In a recent BBC radio phone-in on the same subject the responses were polarised and ferocious. Virtually spitting with pent-up frustration, callers detailed lists of outrages perpetrated upon them by working parents; leaving early, not turning up at all, insisting on priority holidays. Among those people, the Government's measures will simply fuel their sense of injustice.

So what should a parent do? Keep phoning in sick, and pretending the children don't exist? Occupational psychologist Cary Cooper is among those who believes change has to come. "Do (managers) truly believe that flexible working arrangements and family-friendly policies encourage a wimps' paradise?" he says. "The macho and inflexible manager of the 19th and 20th century is not what working human beings need for the 21st century." Sarah Jackson observes: "It will take some time to change the culture of organisations so that parents will feel not just that they have a right, but also the ability, to use it. And if parents use their rights responsibly, hopefully it will help counter some of the backlash."

I wouldn't leave my daughter in hospital again. But until we can also change workplace culture, so that time off is not automatically viewed as a form of skiving - by both managers and fellow workers - I can't guarantee that the next time it won't be me who is supposedly suffering the temperature.

PROMOTED VIDEO
Have you tried new the Independent Digital Edition apps?
Arts and Entertainment
Keira Knightley and Benedict Cumberbatch star in the Alan Turing biopic The Imitation Game

film
Arts and Entertainment

TV
Arts and Entertainment
Radio 4's Today programme host Evan Davis has been announced as the new face of Newsnight

TV
Arts and Entertainment
Pharrell Williams performing on the Main Stage at the Wireless Festival in Finsbury Park, north London

music
Arts and Entertainment
Carrie Mathison returns to the field in the fourth season of Showtime's Homeland

TV
Arts and Entertainment
Crowds soak up the atmosphere at Latitude Festival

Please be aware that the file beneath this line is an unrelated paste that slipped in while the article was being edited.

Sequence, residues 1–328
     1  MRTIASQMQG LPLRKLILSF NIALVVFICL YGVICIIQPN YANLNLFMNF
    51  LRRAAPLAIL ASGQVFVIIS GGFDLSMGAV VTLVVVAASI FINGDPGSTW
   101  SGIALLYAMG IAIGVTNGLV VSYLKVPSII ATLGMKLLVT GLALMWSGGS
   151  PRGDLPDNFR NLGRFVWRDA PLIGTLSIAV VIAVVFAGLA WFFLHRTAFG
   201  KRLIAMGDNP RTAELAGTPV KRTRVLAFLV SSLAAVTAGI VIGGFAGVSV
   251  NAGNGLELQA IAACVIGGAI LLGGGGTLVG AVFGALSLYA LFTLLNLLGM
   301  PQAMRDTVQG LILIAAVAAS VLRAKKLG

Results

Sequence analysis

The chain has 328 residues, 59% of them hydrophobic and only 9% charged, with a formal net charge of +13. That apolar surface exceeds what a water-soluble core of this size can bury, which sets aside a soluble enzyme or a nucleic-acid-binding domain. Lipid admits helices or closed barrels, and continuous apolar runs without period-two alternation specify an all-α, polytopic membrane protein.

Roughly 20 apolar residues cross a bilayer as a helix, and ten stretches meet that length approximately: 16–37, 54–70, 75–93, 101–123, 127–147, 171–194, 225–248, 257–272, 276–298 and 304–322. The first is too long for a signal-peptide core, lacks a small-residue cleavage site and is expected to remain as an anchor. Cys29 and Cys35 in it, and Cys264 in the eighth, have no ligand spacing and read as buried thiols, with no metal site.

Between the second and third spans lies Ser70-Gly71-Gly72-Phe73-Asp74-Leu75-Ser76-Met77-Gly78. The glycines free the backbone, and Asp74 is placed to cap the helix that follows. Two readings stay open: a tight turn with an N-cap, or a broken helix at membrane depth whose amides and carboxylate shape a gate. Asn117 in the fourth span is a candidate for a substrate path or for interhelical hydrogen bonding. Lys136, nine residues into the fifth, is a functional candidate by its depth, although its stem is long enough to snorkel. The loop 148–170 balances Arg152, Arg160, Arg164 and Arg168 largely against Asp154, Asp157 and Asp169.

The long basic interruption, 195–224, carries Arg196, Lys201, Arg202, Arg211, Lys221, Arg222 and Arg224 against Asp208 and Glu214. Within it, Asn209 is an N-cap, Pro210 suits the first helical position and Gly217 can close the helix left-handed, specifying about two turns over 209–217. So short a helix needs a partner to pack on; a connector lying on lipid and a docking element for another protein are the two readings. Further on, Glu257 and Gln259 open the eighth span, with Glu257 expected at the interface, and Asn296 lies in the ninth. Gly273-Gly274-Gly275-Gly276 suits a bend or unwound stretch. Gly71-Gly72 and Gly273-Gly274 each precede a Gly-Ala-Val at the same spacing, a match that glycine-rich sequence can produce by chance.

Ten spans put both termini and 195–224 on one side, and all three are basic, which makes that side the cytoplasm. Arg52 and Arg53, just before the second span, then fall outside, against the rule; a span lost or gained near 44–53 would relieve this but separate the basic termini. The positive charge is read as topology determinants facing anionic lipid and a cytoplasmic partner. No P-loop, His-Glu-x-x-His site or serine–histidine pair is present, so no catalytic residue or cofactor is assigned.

music
Arts and Entertainment
Meyne Wyatt and Caren Pistorus arrive for the AACTA Aawrds in Sydney, Australia

TV
Arts and Entertainment
Rick Astley's original music video for 'Never Gonna Give You Up' has been removed from YouTube

music
Arts and Entertainment
Quentin Blake's 'Artists on the beach'

Artists unveils new exhibition inspired by Hastings beach

art
Arts and Entertainment
MusicFans were left disappointed after technical issues
Arts and Entertainment
'Girl with a Pearl Earring' by Johannes Vermeer, c. 1665
artWhat is it about the period that so enthrals novelists?
Arts and Entertainment
Into the woods: The Merry Wives of Windsor at Petersfield
theatreOpen-air productions are the cue for better box-office receipts, new audiences, more interesting artistic challenges – and a picnic
Arts and Entertainment
James singer Tim Booth
latitude 2014
Arts and Entertainment
Lee says: 'I never, ever set out to offend, but it can be an accidental by-product'
comedy
Arts and Entertainment
tvThe judges were wowed by the actress' individual cooking style
Arts and Entertainment
Nicholas says that he still feels lucky to be able to do what he loves, but that there is much about being in a band he hates
musicThere is much about being in a band that he hates, but his debut album is suffused with regret
Arts and Entertainment
The singer, who herself is openly bisexual, praised the 19-year-old sportsman before launching into a tirade about the upcoming Winter Olympics

books
Arts and Entertainment
music
Arts and Entertainment
Jon Cryer and Ashton Kutcher in the eleventh season of Two and a Half Men

tv
Arts and Entertainment
Ben Whishaw is replacing Colin Firth as the voice of Paddington Bear

film
Independent
Travel Shop